Wall Street Journal: After Covid Took His Father, a Hospital Boss Leans on His Wisdom, by Sam Walker (author, The Captain Class: The Hidden Force That Creates the World’s Greatest Teams (2018)):
For many leaders, the Great Pandemic of 2020 has been the mother of all anomalies: a blur of bizarre, impossible and potentially defining decisions, often made in a hurry with no practical frame of reference.
Judging from his 35-page resume, Dr. Slonim, [CEO of Renown Health, a regional hospital network based in Reno,] might seem like the rare exception. Before coming to Renown in 2014, he’d practiced medicine for many years and earned a nursing degree and a doctorate in public health. He’d also taught medicine and written more than 60 peer-reviewed articles. It’s unclear how he could have been more prepared to tackle the pandemic.
Long story short: No amount of training could have prepared him. ...
In late February, after the novel coronavirus arrived in the U.S., Dr. Slonim began gathering his team to monitor data and make contingency plans. ... In March, with the virus still confined to coastal hot spots, he faced his first difficult decision: whether to spend $11 million to convert a hospital parking garage into an overflow ward with hundreds of beds. ...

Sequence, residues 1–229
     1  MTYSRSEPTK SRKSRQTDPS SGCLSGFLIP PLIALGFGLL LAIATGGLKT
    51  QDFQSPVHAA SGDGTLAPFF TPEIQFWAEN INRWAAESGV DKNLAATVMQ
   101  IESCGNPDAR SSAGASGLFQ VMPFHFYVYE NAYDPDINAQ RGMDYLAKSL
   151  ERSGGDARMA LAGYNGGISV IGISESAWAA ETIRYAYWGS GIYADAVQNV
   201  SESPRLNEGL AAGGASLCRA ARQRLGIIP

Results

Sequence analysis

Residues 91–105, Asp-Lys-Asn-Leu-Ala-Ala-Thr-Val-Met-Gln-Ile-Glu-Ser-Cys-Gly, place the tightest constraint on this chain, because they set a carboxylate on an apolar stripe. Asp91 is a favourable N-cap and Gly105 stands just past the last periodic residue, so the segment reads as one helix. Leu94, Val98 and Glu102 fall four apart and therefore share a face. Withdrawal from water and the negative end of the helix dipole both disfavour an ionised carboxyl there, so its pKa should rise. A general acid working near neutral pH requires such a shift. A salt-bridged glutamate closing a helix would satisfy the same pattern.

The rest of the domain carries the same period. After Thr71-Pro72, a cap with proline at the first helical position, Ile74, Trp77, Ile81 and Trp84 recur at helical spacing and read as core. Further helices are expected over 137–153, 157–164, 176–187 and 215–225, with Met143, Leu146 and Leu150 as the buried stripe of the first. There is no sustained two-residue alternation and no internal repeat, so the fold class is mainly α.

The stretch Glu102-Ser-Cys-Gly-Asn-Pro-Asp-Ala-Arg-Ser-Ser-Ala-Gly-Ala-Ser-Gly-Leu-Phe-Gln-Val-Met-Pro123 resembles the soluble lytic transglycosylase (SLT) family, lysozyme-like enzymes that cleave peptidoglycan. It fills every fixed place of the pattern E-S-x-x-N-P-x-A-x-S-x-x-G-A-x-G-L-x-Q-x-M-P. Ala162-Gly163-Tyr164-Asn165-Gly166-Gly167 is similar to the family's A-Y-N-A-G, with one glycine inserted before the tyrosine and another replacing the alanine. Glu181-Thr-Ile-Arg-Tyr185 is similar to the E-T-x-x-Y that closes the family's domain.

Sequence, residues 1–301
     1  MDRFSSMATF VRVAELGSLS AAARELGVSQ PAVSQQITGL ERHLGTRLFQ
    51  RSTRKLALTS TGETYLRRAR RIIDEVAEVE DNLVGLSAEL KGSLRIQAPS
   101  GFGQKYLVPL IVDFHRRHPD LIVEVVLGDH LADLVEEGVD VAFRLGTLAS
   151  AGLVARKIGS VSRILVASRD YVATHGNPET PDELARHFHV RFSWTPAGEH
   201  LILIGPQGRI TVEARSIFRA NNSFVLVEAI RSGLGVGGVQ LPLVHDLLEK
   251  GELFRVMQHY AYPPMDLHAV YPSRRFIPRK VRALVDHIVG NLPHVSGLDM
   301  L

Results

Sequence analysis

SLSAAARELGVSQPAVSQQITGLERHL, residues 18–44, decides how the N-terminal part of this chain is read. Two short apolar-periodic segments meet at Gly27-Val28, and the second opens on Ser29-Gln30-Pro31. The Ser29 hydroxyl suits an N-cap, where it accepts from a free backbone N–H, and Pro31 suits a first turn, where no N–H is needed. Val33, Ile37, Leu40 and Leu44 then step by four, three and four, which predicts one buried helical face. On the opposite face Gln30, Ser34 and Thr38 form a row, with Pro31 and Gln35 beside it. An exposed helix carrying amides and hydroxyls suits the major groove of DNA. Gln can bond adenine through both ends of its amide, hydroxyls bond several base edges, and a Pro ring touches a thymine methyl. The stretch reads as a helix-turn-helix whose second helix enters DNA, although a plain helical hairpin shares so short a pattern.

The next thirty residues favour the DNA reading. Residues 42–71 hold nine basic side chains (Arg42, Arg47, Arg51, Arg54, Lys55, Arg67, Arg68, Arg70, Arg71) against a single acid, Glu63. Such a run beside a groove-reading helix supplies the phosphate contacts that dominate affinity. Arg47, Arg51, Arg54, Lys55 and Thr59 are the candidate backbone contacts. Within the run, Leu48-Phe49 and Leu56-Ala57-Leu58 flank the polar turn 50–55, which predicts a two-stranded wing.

To make the call, Dr. Slonim had to dig down to something fundamental: the reason he’d wanted to be a doctor in the first place. As a physician-CEO, he says: “When you know the calculus could be life or death, the financial calculus is really subordinate to that. Human life comes first.”
With construction under way, Dr. Slonim’s next dilemma arrived, and there was nothing hypothetical about it. In a predawn phone call, his 79-year-old father in New Jersey told him he was short of breath. Two days later, he was diagnosed with Covid-19. ... [A]s his father deteriorated, he felt deeply torn between a son’s impulse to jump in the car immediately and drive east, and a leader’s instinct to stay put. His medical training and personal library of leadership books offered little guidance.
December 30, 2020 in Legal Ed News, Legal Education | Permalink
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